Modeling Ancient Maya Landscapes

How LiDAR technology and traditional knowledge are converging to reveal the extent and complexity of ancient Maya settlement at El Pilar.

A single-engine Cessna soars over the tropical Mesoamerican forest, revealing the splendors of an ancient city in stunning, three-dimensional detail. Such stories, and the breathtaking images that accompany them, have captured the popular imagination over the past decade, as Maya archaeologists have incorporated Light Detection and Ranging (LiDAR) technology into their toolkit. Sophisticated imaging techniques used to visualize these high-resolution remote sensing data have revolutionized settlement pattern studies in the region, allowing archaeologists to study ancient Maya cities and their surroundings at a level of detail previously unimaginable. Our work at El Pilar has been at the leading edge of this tectonic shift in Maya studies, and we continue to push the boundaries of what LiDAR can help us learn about life in the Maya Forest.

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Fig 1: Animation of aerial LiDAR survey.

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Fig 2: Map of the El Pilar site and its local and regional context. Thomas Crimmel

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El Pilar and LiDAR

El Pilar is a large Maya center, located on the edge of an elevated limestone escarpment that extends north and west into Petén, Guatemala, the heartland of Maya civilization in the southern lowlands. The modern Belize/Guatemala frontier splits the site epicenter—the “downtown” core containing the largest temples, palaces, and administrative buildings—roughly in half, with monumental structures spread over two kilometers in both countries. Anciently, this location was politically strategic, placing El Pilar within 50 km of the massive capital Tikal to the west, between 10 – 20 km from the major centers Naranjo, Holmul, and Xunantunich, and within the same distance to numerous medium-sized sites in the upper Belize Valley to the south. Several distinctive landforms—upland ridges, foothills, lowland plains, and the Belize River valley—also converge at an ecotone near this area, which provided a range of plant, animal, and geological resources to the ancient inhabitants. Twenty-square-kilometers of protected reserve land now surround El Pilar in Belize and Guatemala, but the influence of the city in ancient times would have spread over a much larger area.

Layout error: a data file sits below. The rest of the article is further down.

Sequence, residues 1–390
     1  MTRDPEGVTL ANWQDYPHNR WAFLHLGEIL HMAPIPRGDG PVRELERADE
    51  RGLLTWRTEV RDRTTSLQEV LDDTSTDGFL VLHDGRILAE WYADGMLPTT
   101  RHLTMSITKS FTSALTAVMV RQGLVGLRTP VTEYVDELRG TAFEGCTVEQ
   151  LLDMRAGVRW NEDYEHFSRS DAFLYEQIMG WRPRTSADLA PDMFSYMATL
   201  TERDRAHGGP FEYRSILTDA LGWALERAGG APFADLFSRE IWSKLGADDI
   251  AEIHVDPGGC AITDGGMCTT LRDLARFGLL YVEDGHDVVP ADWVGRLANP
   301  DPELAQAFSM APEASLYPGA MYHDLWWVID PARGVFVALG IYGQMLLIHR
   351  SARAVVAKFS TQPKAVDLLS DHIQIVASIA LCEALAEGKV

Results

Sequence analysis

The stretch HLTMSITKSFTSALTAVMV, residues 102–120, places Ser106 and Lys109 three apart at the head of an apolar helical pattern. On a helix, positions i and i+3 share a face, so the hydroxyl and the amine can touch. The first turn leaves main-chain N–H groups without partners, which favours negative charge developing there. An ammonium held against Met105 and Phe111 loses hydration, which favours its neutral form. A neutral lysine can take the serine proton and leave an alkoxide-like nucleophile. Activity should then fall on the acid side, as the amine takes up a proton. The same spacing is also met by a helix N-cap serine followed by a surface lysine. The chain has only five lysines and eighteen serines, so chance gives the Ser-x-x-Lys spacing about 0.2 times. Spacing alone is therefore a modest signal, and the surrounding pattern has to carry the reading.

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Fig 3: Central Maya lowlands and elevation cross-section (El Pilar within its local context and the elevation profile). Thomas Crimmel

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Fig 4: Map of El Pilar core area showing structures in their context (“downtown”). Thomas Crimmel

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Above and below: Most of the El Pilar structures remain enshrouded in foliage, a natural strategy for conserving its remains. Courtesy BRASS/El Pilar Program

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Archaeological projects across the Maya region now employ LiDAR, and most share the primary goal of settlement prospection: the identification of ancient occupation over vast expanses of dense tropical forest. Areas that would take years or decades to systematically survey on foot can be imaged in hours or days, allowing researchers to locate new settlement areas, understand the extent of cities, and generate population estimates. Our settlement survey program at El Pilar shares these goals, although we view settlement prospection somewhat differently. Knowing where people lived, and estimating how many people lived somewhere, are important aspects of understanding life in the past, but settlement and population size are only the starting points for understanding how the Maya lived within, and shaped, their environment.